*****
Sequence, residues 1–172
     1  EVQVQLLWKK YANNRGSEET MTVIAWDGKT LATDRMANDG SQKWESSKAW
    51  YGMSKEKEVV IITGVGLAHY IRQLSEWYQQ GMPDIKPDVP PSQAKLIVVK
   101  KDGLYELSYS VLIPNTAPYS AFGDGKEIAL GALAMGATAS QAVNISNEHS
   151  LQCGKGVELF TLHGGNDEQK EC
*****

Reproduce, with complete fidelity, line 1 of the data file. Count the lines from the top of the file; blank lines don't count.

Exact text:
Sequence, residues 1–172